By Kandice Grossman
When I was 18 years old I became a mother. In the same year, I became a belly dancer. My entire adult life has centered around mothering my daughters, now ages 21 and 15, and all the while, a consistent practice of belly dance. These two aspects of my life, mothering, and dance, are intimately intertwined and constantly inform each other. In many ways, they are very similar, both require hard work, dedication, practice, good teachers, and a strong support network. Both roles occupy the dearest regions of my heart and provide the most joyful moments of my life.
Sometimes I am asked how I manage to mother and also belly dance. Women ask, “How do you find the time to train?” or “How do you balance between meeting the kids’ needs and also being a performer?” I always respond that striking this balance is not an option. It is a necessity. Belly dance is not an escape from motherhood. It is a survival tool for motherhood. Mothering is a deeply profound act of giving. I give an immense amount of my energy and resources to my daughters, every day, willingly and graciously. I am their stronghold, their bastion. And, I will be forever.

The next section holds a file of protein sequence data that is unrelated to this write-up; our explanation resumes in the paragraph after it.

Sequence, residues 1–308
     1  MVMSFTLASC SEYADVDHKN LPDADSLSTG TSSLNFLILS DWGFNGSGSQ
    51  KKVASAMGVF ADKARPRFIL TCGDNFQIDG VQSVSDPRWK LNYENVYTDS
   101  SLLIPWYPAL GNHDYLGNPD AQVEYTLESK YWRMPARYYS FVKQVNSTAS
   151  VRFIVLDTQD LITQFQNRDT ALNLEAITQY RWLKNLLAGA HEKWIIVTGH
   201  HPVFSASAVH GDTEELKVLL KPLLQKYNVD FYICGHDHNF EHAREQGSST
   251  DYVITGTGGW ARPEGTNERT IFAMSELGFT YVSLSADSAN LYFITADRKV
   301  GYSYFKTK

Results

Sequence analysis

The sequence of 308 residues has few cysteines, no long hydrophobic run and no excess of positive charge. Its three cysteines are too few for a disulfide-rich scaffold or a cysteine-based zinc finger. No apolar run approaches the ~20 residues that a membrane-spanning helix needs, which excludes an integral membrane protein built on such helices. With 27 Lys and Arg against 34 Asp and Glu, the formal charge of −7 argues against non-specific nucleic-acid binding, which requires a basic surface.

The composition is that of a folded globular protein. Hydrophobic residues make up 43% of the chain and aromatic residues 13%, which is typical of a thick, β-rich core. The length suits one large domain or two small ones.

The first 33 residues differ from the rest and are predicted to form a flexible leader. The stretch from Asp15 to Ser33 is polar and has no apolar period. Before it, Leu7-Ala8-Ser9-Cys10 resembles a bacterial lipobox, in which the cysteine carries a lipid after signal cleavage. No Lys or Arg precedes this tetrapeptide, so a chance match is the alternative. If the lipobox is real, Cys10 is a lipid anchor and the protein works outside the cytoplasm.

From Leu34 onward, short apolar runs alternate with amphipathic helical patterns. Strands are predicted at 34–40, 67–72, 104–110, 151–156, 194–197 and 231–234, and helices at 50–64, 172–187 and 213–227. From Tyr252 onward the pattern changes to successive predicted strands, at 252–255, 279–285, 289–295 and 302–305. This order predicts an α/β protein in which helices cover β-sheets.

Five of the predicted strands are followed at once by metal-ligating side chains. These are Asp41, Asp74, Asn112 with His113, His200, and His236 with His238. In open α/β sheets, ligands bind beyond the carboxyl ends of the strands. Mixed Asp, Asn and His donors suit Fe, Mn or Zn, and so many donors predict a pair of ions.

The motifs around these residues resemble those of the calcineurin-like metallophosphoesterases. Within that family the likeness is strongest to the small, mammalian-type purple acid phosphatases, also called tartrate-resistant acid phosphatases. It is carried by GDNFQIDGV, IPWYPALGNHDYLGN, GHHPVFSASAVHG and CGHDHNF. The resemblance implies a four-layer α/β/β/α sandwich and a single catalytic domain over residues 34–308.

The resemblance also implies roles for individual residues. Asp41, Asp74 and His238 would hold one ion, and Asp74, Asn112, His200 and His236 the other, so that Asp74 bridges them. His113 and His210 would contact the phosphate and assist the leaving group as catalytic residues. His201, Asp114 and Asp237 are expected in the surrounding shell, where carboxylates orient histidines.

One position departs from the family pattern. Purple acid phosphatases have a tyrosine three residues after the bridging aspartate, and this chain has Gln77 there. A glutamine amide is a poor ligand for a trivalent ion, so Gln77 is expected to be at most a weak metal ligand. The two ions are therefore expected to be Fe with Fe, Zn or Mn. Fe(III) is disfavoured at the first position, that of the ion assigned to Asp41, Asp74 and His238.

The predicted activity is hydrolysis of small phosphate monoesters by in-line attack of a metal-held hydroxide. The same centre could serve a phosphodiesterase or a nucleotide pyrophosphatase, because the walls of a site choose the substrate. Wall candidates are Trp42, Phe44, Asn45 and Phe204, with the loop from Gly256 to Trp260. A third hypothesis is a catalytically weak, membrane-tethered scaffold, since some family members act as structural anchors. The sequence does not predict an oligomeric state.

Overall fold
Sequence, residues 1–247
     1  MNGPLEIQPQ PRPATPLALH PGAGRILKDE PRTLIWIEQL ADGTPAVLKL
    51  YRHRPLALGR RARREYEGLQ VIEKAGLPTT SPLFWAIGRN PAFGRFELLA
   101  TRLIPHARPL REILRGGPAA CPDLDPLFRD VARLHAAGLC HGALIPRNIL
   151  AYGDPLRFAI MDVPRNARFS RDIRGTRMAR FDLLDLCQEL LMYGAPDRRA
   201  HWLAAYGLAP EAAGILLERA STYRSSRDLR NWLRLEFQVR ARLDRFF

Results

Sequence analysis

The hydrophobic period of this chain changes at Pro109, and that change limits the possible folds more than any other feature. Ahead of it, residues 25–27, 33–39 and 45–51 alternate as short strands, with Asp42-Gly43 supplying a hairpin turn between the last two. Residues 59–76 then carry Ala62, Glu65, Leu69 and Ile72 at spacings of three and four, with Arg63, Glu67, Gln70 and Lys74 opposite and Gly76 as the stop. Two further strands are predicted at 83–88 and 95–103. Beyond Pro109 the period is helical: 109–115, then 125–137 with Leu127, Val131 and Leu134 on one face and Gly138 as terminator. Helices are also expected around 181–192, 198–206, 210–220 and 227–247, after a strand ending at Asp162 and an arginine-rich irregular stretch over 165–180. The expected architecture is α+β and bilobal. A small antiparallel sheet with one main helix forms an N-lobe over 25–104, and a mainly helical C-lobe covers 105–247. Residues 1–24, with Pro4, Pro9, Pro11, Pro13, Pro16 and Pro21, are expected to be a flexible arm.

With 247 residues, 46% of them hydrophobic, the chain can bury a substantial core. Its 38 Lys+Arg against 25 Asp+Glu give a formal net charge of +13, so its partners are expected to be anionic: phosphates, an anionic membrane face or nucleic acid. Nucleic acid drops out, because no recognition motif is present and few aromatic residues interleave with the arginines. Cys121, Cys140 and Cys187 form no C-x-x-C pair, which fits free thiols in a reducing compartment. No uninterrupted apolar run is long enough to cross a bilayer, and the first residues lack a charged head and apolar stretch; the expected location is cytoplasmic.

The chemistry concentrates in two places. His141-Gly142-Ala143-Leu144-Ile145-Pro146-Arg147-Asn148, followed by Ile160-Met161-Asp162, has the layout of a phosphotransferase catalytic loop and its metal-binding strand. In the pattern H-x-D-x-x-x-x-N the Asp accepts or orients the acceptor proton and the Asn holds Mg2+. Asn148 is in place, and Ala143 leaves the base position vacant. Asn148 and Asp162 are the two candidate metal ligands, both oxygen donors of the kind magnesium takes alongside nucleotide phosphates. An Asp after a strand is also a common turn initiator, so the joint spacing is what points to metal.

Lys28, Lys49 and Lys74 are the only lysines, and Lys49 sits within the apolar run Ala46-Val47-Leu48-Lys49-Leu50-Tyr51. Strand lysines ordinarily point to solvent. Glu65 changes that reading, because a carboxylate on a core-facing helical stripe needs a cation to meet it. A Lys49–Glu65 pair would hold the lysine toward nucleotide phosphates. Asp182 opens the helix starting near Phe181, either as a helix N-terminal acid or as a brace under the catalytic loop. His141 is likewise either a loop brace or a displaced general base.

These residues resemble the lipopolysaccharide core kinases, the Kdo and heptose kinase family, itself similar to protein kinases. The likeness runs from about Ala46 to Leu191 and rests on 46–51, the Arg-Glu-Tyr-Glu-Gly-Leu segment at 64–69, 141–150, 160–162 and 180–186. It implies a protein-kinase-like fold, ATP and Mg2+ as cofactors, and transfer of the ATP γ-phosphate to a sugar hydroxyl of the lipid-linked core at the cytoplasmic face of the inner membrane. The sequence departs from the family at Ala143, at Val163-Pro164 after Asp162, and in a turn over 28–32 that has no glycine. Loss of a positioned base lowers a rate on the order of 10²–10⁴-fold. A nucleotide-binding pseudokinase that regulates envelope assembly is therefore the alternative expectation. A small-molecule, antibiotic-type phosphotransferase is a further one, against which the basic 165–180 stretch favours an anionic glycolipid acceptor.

Yet, if I do not also give to myself, regularly and consistently, I become depleted. If I am depleted, I am ripe for resentment, bitterness, depression, and anxiety – to name just a few of the side effects of the exhausted, sacrificial mother. In order to be the best mother, for my daughters, I must essentially also mother myself. I have to refill my well. Regularly. The practice and performance of belly dance make my cup runneth over with energy, sensuality, and self-nurturance. Belly dance and motherhood are a beautiful and compatible pairing. I ask mothers, “How do you mother without belly dancing?”
I am mothering daughters. It is a challenge to raise strong, confident daughters in a culture that sexually objectifies women and girls’ bodies, diminishes their value down to merely what they offer men, and teaches women to curb their desires, doubt their intellect, and dull their instincts. Again, this is where belly dance and motherhood create an interlocking support system. Belly dance, in so many ways, confronts and reverses negative social messages taught to our girls.
When I belly dance, I remain a subject, not an object, and I feel beautiful in my own skin. By dancing with other women and creating a strong, connected, dance community, I show my daughters how to create healthy relationships with women, how to find one’s own value, and value in others. When I belly dance, I express sensuality and power. I am both vulnerable and strong. Dancing requires intellect, sharp instinct, and courage. These are all the things I want to be examples of for my daughters.
In Mother Night, Clarissa Pinkola Estes describes the wise mother as the woman who can walk in two worlds, “who can reveal solid ways of living and unleash creative life.”
This is the belly-dancing mother.
The original blog was published in the Salimpour School blog on 3 May 2017.